I’ve been thinking about this stat since the end of the Abilene Christian game. Did you know the last time Missouri scored 34 or fewer points against an FCS opponent was 2015? In fact, those are the only two instances in which Missouri has scored fewer than 37 points against an FCS opponent in the last 20 years.
It’s the kind of company you don’t want to keep. Missouri fans are experiencing a bit of deja vu.
2015 was a season in which the on-field product simply did not match the preseason expectations. A young quarterback looked overwhelmed, an offensive line with multiple players looked overwhelmed, and the defense tried its best to keep scores respectable.
Sound familiar? As I started to look deeper into the on-field memories of the 2015 season, I couldn’t help but see the similarities.
Going into 2015, Missouri fans were full of optimism. Why wouldn’t they be? The team was coming off back-to-back SEC East titles with a returning starter at quarterback and a defense full of returning production. But things went haywire almost immediately. Russell Hansbrough hurt his ankle in the Tigers’ season-opener. So did Evan Boehm. Both players fought through the pain, but they weren’t the same. Maty Mauk’s start to the season on the field was as uneven as his behavior off of it.
The team started 3-0, but the wins were far from awe-inspiring. Mizzou beat SEMO 34-3, followed it up with a nail-biter 27-20 win at Arkansas State and then they set offense back 50 years in the worst football game I’ve witnessed in person, a 9-6 victory against UCONN. That’s when the winning, more or less, came to an end. The offensive line was too much to overcome. Quarterback play was too much to overcome. The defense could only hold things together with toothpicks and bubblegum for so long. The losses started to pile up, and the end of the season couldn’t come quick enough.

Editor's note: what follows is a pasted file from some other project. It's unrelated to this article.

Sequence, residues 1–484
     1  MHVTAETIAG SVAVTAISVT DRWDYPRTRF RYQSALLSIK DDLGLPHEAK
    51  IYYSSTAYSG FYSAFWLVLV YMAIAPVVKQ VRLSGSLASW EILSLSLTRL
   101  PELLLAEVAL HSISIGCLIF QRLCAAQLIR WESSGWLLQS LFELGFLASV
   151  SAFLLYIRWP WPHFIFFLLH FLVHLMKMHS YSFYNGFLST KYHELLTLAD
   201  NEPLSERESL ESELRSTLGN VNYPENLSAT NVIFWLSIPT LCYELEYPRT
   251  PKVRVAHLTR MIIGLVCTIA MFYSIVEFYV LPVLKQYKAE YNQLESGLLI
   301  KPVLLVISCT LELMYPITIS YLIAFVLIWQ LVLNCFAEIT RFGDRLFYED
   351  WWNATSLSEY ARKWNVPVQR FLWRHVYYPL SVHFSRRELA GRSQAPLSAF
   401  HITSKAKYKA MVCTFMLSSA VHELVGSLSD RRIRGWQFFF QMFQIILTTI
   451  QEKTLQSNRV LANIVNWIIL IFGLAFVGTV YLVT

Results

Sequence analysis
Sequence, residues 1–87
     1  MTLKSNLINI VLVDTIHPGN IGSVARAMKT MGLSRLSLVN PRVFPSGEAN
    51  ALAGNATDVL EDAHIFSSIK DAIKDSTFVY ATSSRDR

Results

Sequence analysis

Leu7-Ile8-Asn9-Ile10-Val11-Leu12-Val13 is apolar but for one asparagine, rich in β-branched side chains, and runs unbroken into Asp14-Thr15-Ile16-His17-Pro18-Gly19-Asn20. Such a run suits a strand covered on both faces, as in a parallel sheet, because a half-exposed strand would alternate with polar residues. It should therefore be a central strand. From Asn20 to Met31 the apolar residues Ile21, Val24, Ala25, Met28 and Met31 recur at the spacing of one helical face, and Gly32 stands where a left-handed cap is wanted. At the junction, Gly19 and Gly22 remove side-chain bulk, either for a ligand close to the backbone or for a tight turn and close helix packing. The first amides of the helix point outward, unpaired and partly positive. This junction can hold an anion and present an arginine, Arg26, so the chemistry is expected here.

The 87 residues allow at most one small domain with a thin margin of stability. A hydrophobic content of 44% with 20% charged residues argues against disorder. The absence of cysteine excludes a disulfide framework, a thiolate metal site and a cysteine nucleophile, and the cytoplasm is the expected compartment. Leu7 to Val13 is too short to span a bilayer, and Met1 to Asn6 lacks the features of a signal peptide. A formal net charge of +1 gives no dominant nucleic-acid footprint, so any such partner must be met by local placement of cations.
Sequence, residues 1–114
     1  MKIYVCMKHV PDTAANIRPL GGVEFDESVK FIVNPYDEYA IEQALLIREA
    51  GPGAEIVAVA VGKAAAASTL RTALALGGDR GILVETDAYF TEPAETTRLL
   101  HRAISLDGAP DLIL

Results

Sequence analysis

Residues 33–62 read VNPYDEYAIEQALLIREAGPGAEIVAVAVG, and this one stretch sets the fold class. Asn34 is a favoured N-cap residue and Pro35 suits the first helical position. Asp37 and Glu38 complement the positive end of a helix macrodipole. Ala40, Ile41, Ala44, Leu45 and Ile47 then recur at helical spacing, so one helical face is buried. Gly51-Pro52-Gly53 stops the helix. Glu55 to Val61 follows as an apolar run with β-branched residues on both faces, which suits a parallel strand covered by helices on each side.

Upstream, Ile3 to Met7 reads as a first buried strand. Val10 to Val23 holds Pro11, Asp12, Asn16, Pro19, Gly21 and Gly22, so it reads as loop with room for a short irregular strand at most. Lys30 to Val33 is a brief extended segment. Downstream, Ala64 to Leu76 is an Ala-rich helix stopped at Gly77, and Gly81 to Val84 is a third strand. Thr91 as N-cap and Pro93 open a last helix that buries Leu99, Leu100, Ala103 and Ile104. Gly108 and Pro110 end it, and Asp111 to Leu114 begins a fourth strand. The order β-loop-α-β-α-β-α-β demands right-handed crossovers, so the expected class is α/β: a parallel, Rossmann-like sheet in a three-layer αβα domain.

(Obviously, there were also off-field issues that played into the end-of-season scenario. I don’t care to get into those at the moment. Let’s focus on the on-field similarities.)
Missouri’s 2022 season, much like 2015, started with legitimate reasons for optimism. The team isn’t coming off back-to-back SEC East titles, but they are coming off two of the best recruiting classes in program history. The defense doesn’t return a ton of production, but it brought in a new group of starters that provided a whole lot of hope. The wide receiver room got a much-needed overhaul, enough to potentially mask over the deficiencies at quarterback.
It just hasn’t come together. The Tigers struggled to pull away from an FCS opponent. Kansas State out-dueled the Tigers much like Florida did in 2015. What lies ahead is a gauntlet of a schedule which is unlike anything Missouri had to face back in 2015.
For me, Missouri’s 2015 season is remembered as the end of an era. A defense that ranked among the best in the country was not enough to prop up an offense that ranked among the worst. This defense isn’t as good as the 2015 version, but the offense has some unfortunate similarities. Missouri finished the 2015 season with five wins due to a soft schedule. At this point, all I can do is hope Missouri can match that win total in 2022.